New Study Suggests Long-Term Symptoms Following Respiratory Illnesses
A recent study conducted by Queen Mary University of London has found that some individuals may experience long-term symptoms following common respiratory illnesses, similar to the pattern seen in long COVID. The study, which analyzed questionnaire data from over 10,000 UK adults as part of COVIDENCE UK, revealed several key findings.
Firstly, the study discovered that individuals who tested negative for COVID-19 could still experience symptoms for at least four weeks after infection. Common symptoms reported included coughing, stomach pain, and diarrhea. Additionally, those with long COVID were more likely to report ongoing problems with their sense of taste or smell, lightheadedness, or dizziness.
Furthermore, the study highlighted that people in both the “long cold” and long COVID groups experienced more severe symptoms if they had been previously infected. While the study did not measure the duration differences between the two groups, it emphasized the importance of ongoing research to understand why some individuals experience more prolonged symptoms.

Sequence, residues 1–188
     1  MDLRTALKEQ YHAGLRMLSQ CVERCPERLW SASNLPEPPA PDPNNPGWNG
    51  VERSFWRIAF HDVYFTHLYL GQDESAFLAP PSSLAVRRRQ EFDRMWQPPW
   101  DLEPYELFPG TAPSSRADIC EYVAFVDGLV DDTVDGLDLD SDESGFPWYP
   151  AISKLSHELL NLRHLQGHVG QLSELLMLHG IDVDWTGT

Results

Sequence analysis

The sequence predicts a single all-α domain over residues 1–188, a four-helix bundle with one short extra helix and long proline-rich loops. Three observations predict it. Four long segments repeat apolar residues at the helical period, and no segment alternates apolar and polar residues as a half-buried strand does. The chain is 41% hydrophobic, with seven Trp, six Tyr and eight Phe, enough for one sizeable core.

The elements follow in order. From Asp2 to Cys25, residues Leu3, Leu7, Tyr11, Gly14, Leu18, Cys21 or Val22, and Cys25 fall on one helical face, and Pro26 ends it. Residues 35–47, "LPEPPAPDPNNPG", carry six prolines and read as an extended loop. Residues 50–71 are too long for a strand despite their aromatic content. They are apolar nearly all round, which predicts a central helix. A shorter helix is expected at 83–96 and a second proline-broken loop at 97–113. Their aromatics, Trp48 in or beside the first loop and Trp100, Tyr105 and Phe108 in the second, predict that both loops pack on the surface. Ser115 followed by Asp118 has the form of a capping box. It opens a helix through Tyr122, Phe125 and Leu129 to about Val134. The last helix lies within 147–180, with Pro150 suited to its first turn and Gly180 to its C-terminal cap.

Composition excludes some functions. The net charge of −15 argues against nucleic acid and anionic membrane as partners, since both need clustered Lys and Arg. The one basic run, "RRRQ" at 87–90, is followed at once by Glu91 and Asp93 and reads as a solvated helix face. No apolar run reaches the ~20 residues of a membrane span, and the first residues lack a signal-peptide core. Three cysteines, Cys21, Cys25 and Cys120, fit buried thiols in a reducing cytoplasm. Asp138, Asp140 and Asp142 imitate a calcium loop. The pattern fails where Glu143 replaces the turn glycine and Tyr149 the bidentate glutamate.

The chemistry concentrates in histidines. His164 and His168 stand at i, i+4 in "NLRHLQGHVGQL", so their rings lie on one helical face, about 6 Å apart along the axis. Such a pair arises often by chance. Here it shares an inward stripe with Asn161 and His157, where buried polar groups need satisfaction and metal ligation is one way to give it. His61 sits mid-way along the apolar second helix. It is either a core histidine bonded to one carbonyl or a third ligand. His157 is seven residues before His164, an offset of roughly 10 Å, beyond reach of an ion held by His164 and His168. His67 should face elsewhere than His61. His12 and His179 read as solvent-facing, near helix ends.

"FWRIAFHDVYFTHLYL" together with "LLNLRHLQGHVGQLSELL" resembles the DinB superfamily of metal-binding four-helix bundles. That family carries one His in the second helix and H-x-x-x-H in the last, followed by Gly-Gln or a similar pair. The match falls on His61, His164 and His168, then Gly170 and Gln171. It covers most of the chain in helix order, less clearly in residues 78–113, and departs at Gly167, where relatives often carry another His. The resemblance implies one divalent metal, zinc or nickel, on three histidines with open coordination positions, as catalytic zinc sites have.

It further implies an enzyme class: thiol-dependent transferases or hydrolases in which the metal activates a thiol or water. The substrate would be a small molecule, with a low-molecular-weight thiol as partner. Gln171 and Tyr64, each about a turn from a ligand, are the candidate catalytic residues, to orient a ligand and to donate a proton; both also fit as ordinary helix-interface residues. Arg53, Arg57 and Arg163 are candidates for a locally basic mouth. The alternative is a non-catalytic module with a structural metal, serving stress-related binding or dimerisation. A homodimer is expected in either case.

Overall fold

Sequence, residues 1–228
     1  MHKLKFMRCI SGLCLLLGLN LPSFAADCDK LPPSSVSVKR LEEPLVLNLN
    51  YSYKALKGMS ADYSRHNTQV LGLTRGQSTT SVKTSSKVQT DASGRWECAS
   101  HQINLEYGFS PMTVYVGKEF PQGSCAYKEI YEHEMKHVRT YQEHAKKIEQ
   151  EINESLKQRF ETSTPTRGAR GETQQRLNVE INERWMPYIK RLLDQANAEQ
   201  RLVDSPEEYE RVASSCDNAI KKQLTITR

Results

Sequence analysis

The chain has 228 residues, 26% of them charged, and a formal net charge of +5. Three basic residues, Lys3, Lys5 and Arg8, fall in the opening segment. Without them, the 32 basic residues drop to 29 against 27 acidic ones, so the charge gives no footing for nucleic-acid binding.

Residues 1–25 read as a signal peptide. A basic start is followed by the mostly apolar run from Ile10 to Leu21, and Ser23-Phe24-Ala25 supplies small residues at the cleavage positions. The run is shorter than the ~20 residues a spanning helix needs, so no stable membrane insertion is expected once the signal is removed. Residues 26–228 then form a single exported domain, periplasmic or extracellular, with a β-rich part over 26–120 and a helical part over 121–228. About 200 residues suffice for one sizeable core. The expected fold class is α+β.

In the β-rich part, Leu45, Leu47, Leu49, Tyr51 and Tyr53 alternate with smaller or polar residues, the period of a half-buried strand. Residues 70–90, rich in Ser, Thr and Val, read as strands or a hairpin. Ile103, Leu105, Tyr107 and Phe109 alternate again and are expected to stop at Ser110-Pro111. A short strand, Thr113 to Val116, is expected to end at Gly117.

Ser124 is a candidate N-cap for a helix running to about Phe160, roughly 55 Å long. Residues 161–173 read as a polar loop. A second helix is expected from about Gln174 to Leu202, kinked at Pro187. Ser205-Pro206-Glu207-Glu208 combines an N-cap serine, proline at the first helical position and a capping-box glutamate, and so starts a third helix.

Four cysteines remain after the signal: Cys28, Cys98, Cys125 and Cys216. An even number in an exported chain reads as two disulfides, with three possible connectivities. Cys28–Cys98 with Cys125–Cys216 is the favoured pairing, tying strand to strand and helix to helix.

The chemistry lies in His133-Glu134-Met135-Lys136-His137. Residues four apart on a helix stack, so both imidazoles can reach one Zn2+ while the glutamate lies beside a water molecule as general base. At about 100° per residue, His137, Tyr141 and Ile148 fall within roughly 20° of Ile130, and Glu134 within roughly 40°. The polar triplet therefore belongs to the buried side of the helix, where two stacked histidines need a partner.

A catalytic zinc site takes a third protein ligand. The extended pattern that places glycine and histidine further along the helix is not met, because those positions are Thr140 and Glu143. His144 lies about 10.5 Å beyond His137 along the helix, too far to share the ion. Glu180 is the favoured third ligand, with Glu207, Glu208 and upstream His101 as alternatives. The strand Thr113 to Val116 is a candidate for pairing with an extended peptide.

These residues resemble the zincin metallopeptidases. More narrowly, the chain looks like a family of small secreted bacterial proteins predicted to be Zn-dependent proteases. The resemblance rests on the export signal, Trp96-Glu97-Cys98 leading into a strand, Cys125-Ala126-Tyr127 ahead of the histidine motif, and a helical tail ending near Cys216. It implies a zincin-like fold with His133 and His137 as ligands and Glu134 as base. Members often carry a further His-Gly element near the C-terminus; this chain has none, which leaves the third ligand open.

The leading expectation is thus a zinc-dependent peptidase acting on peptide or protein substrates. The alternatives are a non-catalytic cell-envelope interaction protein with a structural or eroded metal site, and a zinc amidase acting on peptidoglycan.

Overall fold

The chief investigator of COVIDENCE UK, Professor Adrian Martineau, stressed the significance of this research. He noted that post-acute infection syndromes often go undiagnosed due to the wide range of symptoms and lack of testing, emphasizing the need for further understanding in this area.
These findings come at a time when millions of Americans are reporting long COVID symptoms, according to data from the Centers for Disease Control and Prevention. The survey revealed that 6.9% of US adults reported ever having long COVID, with 3.4% currently experiencing the condition. Interestingly, the survey data also showed that women were more likely than men to report long COVID.
The prevalence of long COVID and the study’s findings highlight the urgent need for further research and understanding. Identifying appropriate forms of treatment and care for affected individuals is crucial. As the world continues to grapple with the ongoing COVID-19 pandemic, this study sheds light on a lesser-known aspect of the virus and calls for continued efforts to support those facing persistent symptoms beyond the acute phase of infection.
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